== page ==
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Point-of-sale (POS) hardware continues to be commoditized, and is driving the disaggregation of the traditional POS hardware-software bundle.
This trend is evidenced—and being accelerated—by intensifying competition from IT vendors such as Dell and Intuit. These suppliers, along with other budget-oriented competitors, offer low-cost POS hardware platforms that support a number of technical standards. So, too do the software packages from a growing community of independent POS software vendors.
As a result, opportunities for hardware-driven differentiation are few, and the importance of vertical-specific, feature-rich software POS offerings—or partnerships with ISVs who can provide the same—is increasing.
In a recent VDC study examining the usage of POS terminals, over 68% of end users reported software functionality as the primary consideration when evaluating a new POS solution. Software-oriented focus was particularly prevalent among larger, more sophisticated tier 1 and tier 2 organizations, which generally have more specific and extensive functionality requirements for their POS systems relative to smaller scale users.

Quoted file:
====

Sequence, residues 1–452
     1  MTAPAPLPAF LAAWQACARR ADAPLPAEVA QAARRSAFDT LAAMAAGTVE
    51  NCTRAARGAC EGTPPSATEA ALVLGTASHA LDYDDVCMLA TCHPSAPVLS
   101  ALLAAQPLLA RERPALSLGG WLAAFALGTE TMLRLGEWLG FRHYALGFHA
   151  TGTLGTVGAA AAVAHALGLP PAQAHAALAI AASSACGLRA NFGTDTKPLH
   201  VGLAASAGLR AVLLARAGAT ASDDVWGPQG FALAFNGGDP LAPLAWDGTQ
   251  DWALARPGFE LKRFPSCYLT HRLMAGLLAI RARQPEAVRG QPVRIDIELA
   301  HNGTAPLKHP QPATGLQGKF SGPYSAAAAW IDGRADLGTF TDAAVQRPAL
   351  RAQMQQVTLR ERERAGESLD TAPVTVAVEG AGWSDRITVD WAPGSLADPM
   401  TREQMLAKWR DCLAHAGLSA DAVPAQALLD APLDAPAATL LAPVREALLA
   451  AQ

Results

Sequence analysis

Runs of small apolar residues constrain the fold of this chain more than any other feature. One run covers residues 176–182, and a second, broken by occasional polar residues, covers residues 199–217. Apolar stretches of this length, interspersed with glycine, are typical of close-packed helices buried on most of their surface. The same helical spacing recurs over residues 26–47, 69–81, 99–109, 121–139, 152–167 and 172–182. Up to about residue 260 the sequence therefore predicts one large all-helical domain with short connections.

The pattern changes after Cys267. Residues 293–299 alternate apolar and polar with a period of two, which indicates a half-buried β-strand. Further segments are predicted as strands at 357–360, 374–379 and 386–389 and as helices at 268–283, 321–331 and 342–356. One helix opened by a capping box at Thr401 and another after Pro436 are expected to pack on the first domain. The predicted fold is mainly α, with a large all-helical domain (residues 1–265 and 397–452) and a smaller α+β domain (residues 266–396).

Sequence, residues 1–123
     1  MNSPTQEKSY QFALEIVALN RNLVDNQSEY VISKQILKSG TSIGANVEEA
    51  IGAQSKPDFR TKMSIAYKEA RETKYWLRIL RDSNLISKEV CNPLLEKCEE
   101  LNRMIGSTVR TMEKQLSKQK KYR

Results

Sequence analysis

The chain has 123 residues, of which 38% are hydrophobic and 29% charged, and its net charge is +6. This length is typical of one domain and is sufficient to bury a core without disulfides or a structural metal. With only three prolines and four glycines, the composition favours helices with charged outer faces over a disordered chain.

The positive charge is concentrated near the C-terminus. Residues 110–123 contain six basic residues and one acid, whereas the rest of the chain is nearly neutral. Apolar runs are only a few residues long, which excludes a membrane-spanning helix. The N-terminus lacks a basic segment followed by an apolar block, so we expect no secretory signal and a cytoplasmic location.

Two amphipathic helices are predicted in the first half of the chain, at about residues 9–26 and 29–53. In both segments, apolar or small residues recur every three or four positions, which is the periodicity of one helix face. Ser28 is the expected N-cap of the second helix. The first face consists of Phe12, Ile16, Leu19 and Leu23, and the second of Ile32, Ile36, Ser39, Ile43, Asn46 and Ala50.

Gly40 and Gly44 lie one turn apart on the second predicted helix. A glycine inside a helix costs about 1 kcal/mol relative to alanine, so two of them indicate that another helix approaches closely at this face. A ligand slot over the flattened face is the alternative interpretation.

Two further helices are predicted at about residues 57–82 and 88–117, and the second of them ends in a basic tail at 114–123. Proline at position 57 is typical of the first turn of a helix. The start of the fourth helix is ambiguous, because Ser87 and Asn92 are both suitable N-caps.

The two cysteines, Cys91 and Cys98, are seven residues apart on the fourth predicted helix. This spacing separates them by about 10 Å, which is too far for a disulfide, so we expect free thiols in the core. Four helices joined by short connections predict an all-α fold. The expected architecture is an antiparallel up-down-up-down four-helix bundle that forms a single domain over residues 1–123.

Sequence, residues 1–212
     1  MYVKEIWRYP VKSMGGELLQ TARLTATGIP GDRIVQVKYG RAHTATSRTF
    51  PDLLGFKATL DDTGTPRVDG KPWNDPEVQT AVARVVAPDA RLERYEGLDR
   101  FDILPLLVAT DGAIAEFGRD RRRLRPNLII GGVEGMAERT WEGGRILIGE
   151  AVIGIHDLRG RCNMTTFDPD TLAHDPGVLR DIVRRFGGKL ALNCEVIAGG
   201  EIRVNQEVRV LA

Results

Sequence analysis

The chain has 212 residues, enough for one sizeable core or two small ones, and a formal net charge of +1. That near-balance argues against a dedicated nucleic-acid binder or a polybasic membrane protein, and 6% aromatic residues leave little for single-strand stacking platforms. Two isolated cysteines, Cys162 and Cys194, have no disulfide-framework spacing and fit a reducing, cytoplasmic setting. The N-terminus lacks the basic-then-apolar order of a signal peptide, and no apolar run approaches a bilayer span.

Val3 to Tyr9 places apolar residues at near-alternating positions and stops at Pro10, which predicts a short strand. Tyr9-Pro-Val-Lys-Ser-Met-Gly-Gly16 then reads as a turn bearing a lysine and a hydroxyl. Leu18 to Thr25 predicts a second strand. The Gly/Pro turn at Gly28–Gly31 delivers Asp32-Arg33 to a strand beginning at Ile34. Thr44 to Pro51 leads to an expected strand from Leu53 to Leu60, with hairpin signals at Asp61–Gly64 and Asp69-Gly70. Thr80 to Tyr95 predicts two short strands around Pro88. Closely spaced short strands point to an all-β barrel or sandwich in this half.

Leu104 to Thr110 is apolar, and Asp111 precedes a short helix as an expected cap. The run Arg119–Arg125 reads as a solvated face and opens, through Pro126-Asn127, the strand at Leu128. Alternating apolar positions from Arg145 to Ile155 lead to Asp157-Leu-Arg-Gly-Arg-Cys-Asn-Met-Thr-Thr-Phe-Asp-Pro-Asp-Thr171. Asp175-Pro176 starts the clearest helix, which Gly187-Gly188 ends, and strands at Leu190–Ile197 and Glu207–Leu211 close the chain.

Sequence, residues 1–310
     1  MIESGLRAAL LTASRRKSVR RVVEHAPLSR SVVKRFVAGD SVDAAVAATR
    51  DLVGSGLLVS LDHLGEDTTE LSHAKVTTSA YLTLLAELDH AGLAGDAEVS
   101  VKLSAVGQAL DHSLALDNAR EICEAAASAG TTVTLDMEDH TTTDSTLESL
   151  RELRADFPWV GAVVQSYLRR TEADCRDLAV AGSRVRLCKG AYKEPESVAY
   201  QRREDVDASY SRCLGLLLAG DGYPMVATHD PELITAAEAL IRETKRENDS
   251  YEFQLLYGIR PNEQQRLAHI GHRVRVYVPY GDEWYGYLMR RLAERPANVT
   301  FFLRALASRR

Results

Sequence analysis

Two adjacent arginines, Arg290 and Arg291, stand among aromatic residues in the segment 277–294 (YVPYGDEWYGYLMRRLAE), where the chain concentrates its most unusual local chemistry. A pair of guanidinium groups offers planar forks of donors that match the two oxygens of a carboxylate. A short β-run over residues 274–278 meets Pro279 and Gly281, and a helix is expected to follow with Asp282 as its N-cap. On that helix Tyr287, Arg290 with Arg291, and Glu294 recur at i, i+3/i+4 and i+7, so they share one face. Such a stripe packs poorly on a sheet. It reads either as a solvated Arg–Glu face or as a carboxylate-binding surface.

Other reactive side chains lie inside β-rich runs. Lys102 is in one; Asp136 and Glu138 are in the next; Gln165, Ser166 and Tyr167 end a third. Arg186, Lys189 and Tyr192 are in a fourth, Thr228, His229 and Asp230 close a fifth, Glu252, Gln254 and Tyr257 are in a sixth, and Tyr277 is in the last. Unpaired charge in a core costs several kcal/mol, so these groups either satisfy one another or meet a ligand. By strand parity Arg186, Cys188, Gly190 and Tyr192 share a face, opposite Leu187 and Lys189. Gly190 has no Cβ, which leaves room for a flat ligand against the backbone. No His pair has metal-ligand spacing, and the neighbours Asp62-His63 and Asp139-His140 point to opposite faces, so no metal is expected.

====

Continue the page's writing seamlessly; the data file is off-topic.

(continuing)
The message this trend sends to POS terminal suppliers is clear: Defending market share on hardware alone is becoming an increasingly difficult proposition—and will only get harder.
Today’s POS terminal market leaders—companies such as IBM, NCR, and Wincor Nixdorf, for example—have the capability, either in-house or through partner organizations, to deliver fully integrated end-to-end POS solutions. As hardware commoditization continues, suppliers of all tiers that wish to remain competitive will need to develop similar capabilities, either organically or via strategic partnerships.
For POS solutions, there is no one-type-fits-all system. Each vertical and tier level has unique and particular functionality and integration requirements.
While this ongoing shift in POS solution development and deployment will challenge suppliers—particularly those whose business models are based entirely on the aggregated hardware/software paradigm—it also will present opportunities for differentiation on more defensible software-based functionality.
The increasingly important role of software in POS terminals and other retail automation technology will be explored in VDC’s CET coverage—contact us for more details.